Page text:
Boys State Movie Image

BOYS STATE’s primary subjects, all of whom except the scene-stealing René Otero were pre-selected before the event, are such expertly chosen main characters that it may elicit some doubt if this is an accurate depiction of reality, but no, directors Amanda McBaine and Jesse Moss really did strike gold. Steven Garza, the documentary’s protagonist, seems like a laboratory-concocted Liberal wunderkind, but close to midway, he reveals the giant red flag that his political role model is Napoleon Bonaparte. His opponent, Rob MacDougall, betrays his own pro-choice beliefs to appeal to Boys State’s conservative base with the GOP’s oft-touted, chilling false virtue of stripping away women’s rights to an abortion so the country can farm unwanted fetuses into adoption clinics. It’s that same wink-wink “make Nazism out to be a practical act of pragmatism” as that pervasive deep-state proposal of sending kids with misdemeanor records to the military; luckily, he knows it’s an insane proposal. Unfortunately, it’s a more successful call-to-action than it should be. He’s a sweet, lunkheaded Texan boy right out of DAZED AND CONFUSED who, despite his nightmare tactics, acknowledges his lack of qualifications for Governor and resigns from the race in the name of party unity, immediately endorsing the, frankly, better and more juiced-up candidate. The Texan kid pulled off what our own progressive politicians fumbled so poorly in March. Our de facto antagonist, Ben Feinstein, conducts an impressively conniving puppeteering of a charm-forward yokel that recalls Carville and Stephanopoulos’ herding of Bill Clinton, with perfected politicking skills most above the age of 35 are still struggling to manifest. Meanwhile, he’s still too young to legally vote. He’s an honest-to-God menace who stresses the faults of the individual over fundamental systemic failings: it’s maddeningly entertaining.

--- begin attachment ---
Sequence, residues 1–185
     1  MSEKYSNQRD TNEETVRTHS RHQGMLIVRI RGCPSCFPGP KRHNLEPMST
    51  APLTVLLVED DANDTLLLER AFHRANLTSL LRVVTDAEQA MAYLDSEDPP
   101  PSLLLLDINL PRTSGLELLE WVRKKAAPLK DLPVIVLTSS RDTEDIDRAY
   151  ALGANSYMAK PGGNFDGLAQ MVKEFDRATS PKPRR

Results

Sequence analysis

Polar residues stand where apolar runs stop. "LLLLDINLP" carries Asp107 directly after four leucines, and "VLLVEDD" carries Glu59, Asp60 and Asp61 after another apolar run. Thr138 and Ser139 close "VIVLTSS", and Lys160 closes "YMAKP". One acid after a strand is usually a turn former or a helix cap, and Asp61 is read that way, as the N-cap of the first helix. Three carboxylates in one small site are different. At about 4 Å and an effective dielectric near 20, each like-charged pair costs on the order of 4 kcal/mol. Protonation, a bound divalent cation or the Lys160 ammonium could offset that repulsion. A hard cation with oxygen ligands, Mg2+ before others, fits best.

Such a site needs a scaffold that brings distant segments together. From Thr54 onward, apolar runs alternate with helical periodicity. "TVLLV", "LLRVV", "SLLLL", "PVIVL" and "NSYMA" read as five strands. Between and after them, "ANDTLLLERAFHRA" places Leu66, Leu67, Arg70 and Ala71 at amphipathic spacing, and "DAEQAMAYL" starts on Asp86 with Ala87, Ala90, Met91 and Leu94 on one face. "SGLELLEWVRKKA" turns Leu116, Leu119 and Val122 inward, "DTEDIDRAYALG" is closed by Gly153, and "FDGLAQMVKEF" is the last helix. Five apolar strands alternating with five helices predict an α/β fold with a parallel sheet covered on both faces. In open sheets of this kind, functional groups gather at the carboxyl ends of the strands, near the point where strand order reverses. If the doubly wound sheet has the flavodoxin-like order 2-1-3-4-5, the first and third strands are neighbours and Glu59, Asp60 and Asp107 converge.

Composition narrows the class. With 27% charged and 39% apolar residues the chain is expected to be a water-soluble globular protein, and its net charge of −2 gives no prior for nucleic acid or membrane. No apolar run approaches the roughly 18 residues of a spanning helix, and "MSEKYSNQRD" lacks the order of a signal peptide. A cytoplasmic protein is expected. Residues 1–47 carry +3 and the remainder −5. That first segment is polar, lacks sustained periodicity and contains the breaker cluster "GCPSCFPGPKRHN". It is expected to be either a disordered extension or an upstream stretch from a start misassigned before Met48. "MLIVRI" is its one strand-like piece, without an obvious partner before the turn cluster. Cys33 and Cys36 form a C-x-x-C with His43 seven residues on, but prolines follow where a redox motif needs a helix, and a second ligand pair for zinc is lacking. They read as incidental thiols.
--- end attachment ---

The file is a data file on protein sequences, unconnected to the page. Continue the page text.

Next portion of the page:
Our most progressive figure, René, runs a campaign on purposeful ambiguities to create the air of bipartisanship. It’s smart, even if the Biden/Harris campaign is trying it in their 2020 election run-up and failing miserably; the idea of playing Houdini, misleading just to secure the vote, still feels like a wise ploy for the American electorate. For decades, Republicans have blatantly stolen elections, meanwhile Democrats try to hide the fact that they mostly agree with the enemy’s platform, but are dedicated nevertheless to the nobility of an election process. When they go low, we go high—it’s cute and cuddly, but people with lives at stake keep losing with that strategy. In fact, it may be the key ingredient to any political failure of the 20th century. It’s one of the funniest Democratic mottos given how much on-record cheating and lying there is that explicitly harms those in need. We know you don’t want to fight for us, but could you at least lie for us? Trump’s coronavirus task force gathered to subvert CDC guidelines while Anthony Fauci was receiving throat surgery, like… that’s what we are up against. If there’s anything to impart unto Gen Z, it’s that with millions in fatal peril, maybe get your hands dirty if it means literally saving lives. I won’t go as far as to say “René Otero 2040,” but in BOYS STATE he comes to harsh epiphanies about the political process that many of our parents have still yet to comprehend. I’m positive the subjects of this film will go on to swindle the ins and outs of American government, but I also have faith that René is the one to work his hardest to disrupt it: no pressure, dude.